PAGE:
Investing in American Prosperity

Investing in American Prosperity

Eager to capitalize on opportunities in the dynamic renewable energy field, the manufacturing company Rotek secured incentives, hired additional workers and successfully launched production of the huge metal rings that keep wind turbines spinning.

But the boom quickly faded. The Aurora, Ohio, plant struggled to compete with unfairly traded, foreign-made products and ended up eliminating many of the jobs it created just a couple of years before.

Ensuring future prosperity will require not only stimulating a manufacturing resurgence but also stabilizing long-term markets for domestically produced goods and raw materials.

Fortunately, President Joe Biden’s American Jobs Plan provides an unprecedented opportunity to do exactly that.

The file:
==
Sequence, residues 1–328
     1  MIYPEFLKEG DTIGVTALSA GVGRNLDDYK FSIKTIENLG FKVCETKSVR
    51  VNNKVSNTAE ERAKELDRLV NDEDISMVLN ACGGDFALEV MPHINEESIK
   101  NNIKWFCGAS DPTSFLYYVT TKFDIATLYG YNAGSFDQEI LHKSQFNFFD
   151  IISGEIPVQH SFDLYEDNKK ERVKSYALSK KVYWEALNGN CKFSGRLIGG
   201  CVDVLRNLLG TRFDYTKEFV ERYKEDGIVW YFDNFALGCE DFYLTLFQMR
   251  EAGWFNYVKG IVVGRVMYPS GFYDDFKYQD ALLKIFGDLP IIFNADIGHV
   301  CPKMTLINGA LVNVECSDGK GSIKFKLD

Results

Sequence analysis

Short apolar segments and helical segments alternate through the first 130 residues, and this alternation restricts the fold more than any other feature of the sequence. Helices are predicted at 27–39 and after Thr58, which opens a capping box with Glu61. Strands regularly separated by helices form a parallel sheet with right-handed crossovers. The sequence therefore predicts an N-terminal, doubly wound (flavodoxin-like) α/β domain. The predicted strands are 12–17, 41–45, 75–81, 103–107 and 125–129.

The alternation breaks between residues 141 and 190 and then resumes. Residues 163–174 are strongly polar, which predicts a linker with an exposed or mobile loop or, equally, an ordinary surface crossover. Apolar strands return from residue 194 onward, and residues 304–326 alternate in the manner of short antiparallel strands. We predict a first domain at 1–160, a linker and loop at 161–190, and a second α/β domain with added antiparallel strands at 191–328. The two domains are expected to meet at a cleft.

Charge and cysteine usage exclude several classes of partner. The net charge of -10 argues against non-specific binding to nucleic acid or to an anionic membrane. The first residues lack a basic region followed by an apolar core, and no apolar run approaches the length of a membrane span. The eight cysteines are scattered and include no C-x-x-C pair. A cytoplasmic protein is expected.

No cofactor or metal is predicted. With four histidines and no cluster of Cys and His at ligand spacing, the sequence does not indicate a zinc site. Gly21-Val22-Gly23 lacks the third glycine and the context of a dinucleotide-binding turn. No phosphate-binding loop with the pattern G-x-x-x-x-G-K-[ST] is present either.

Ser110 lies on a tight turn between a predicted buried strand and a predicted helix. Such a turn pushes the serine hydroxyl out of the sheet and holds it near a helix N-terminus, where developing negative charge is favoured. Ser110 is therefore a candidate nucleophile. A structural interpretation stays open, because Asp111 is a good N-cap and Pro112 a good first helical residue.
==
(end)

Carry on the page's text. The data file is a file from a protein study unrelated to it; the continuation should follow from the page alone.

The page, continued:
The plan calls for historic investments in American infrastructure, including roads and bridges, schools and airports, locks and dams, water-treatment systems, communications networks, the electric grid and renewable energy projects, like the wind farms that workers at Rotek strived to supply.

These upgrades would modernize the country and strengthen it for the next crisis while putting millions to work. Biden intends to create and sustain manufacturing jobs by ensuring the nation uses American steel, aluminum, glass, rubber and other raw products—as well as domestically produced components like bearings, pipes, cement and electronics—in infrastructure projects and other initiatives that use taxpayer money.

Last week, he issued new guidance requiring dozens of federal agencies to work with the administration’s new Made in America Office to increase their purchases of U.S. supplies and reduce the occasions when they seek waivers allowing them to procure items outside of the country. The guidance covers the Transportation and Energy departments as well as other Cabinet-level agencies that will play pivotal roles in infrastructure investment.